‘Twas The Night Before A Quilter’s Christmas

‘Twas the night before Christmas and all through the house,
The only one sleeping was a Quilter’s dear spouse.
The Log Cabin stockings were almost completed,
“Just a few stitches left,” our sweet quilter repeated.
“Then I can hang them and head off to
finish the pillows I’m making, fulfilling Mom’s wish
For something quilted to put on her couch”,
as she pricked her poor finger, our quilter said,”Ouch!”
When from out in the kitchen there arose such a crashing,
she sprang from her work, and she dropped all her sashing.
Away to the doorway she flew like a plane,
wondering just what was happening and who she would blame.
When what to her wondering eyes should appear,
but Old Mrs. Claus and her bag of quilt-gear…
With her elves bearing gifts, through the kitchen she came,
she directed and pointed and called them by name.
“Now Elna, now Pfaff, now Bernina and Viking,
the Hoffman and Mumm should be just to her liking.
To the sewing room – there, it’s just back of the hall, now dash
away, dash away, dash away all!”
“My Dear,” said The Claus (as she liked to be called),
“There really is no need to worry at all.
Your projects will all be completed this night,
 I’m terribly sorry we gave you a fright.”
“Sit down. Have some tea. It’s relaxing, you’ll see.
My friends and I’ve come a long way to help Thee.”
She thought she was dreaming, our dear Quilter did,
In fact she quite feared that she near flipped her lid!
But the flash of the needles and twist of the thread soon gave her to know
she had nothing to dread.
They spoke no more words, but went straight to their sewing.
How the work went so quickly she had no way of knowing.
The stitches, how fine! The corners, how straight!
This Claus-woman’s talent was awfully great.
They finished the pillows, then started to quilt.
Before they all knew it, the whole thing was built!
Now old Mrs. Claus, she knew quilters real well,
and she knew they’d need help on this night most of all
So she said to our quilter, “Just move over dear,
I’ve brought my own needle. We’ll get done, never fear.”
I told dear old Santa about what quilters do.
How they plan all these projects but have other work too.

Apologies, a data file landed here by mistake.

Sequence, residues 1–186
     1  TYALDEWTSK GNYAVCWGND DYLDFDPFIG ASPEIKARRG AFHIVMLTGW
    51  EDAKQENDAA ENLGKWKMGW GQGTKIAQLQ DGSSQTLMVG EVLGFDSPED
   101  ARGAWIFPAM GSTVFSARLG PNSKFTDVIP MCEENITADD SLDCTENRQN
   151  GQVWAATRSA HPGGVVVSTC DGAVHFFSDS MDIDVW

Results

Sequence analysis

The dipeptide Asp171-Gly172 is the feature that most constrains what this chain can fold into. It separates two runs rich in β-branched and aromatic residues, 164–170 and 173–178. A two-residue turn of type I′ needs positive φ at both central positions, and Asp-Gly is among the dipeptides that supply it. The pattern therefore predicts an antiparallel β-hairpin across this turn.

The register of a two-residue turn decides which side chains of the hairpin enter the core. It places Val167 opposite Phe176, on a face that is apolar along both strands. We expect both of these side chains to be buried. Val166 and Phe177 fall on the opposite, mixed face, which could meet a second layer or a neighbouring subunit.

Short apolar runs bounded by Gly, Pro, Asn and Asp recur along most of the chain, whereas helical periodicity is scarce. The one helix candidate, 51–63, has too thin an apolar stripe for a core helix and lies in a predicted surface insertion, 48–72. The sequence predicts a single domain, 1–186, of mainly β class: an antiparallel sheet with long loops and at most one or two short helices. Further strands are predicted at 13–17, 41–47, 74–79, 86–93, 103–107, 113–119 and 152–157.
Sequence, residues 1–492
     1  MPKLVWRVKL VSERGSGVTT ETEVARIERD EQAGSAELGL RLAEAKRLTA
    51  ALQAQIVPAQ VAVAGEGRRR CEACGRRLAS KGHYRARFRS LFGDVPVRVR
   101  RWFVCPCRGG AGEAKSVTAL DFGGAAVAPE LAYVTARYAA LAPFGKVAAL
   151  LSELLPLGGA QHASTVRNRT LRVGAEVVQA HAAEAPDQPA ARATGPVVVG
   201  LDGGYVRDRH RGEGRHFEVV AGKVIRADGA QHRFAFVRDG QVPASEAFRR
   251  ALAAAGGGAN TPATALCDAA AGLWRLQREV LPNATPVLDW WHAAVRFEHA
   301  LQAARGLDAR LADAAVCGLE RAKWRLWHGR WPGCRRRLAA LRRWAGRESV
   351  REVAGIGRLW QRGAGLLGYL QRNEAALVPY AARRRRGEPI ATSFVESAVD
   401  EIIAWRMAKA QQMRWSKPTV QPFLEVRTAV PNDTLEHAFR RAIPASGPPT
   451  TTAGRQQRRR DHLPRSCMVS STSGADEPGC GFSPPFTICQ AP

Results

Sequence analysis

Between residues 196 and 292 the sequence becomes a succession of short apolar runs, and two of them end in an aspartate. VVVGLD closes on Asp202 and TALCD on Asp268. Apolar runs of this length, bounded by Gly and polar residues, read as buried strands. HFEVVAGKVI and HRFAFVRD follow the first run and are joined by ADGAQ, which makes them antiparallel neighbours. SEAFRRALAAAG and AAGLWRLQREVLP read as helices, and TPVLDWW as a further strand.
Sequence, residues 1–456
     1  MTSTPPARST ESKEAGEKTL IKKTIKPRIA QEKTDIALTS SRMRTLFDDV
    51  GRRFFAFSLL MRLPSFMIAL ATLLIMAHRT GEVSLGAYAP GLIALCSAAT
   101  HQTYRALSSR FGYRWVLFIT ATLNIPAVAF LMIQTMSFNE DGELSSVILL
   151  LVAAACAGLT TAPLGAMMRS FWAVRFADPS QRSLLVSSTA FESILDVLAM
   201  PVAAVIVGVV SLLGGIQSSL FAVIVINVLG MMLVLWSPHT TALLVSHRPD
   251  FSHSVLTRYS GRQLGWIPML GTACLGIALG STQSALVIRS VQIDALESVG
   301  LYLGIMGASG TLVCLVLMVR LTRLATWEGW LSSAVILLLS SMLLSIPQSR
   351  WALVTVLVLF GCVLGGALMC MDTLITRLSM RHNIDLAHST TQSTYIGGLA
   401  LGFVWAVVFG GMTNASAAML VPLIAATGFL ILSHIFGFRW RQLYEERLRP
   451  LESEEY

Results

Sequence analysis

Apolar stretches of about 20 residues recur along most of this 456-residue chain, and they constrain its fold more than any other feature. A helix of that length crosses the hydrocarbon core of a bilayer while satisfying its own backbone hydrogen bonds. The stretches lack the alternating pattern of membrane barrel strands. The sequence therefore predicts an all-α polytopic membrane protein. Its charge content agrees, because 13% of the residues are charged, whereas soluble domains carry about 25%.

So he taught me his magic for doing things fast.
There, that pillows done. Now this is the last.
They tidied their thread snips, and picked up the scraps
and chased our dear quilter’s six cats from their laps.
As they scurried away with their thimbles still gleaming
dear Mrs. Claus paused, her cap ribbons streaming.
“Merry Christmas, my dear, now just have a ball!”
Author Unknown

Fall Foliage Series: Barns and Beautiful Buildings

There is something about an old barn with a breathtaking background. Don’t you just love them? Today, I am sharing fall photos of barns, churches, gristmill, log home and old homeplaces.

1Barns_landscape - Page 001Historic Wimmer Mill on our road.

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7Barns portrait - Page 002Beautiful historic church in Newport, Virginia (Giles County).

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Continue reading

Fall Foliage Series: Mabry Mill

Today I am celebrating my 100th blog post! To make this day extra special, I am posting photos from one of my favorite places: Mabry Mill on the Blue Ridge Parkway. Mabry Mill’s claim to fame is being the most photographed place on the Blue Ridge Parkway and some even say it is the most photographed place in the US.

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Mabry Mill - Page 006   Mabry Mill quilt - Page 001My quilted rendition and design of Mabry Mill. Mabry Mill - Page 001What makes this places extra special is the history of the couple who built it.

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Courtesy of the National Park Service

At age twenty, Ed moved to Pulaski, Virginia, to work in the coal mines. He returned two years later with cash and something bigger and better than money—Mintoria Dehart Mabry, known as Lizzie. A man with big ideas needed a big wife. She stood five foot ten, wore a man’s size eight shoe, and needed nine yards of material to make a skirt. Ed and Lizzie married in 1891. He called her “Boss” and they were together almost forty years before he died.

Operating a mill, never an easy task, brought special challenges to the Mabry’s. They encountered problems that would have been overwhelming for most people—but not for Ed and Lizzie. He built the gristmill between 1905 and 1908.

Lizzie was anxious and ready to be the miller. She hadn’t gone to those mines and pumped those bellows just to be a good housewife. As a “modern woman,” she wanted to be the miller and by golly—she was. Customers brought white corn, stood on the mill platform, and poured shelled corn into a hopper that fed kernels between the rotating stones. Lizzie controlled the space between the stones with a lever to obtain a proper texture of meal or flour. Continue reading

Fall Foliage Series: Shawsville Pike and Alta Mons

Reflecting on one of my favorite little waterfalls on Shawsville Pike.

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En route to Alta Mons on Shawsville Pike.

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Some quilters, who have attended my past retreats, have stayed in this quaint farmhouse (which we have outgrown). We dined on the back porch with glorious mountain views.

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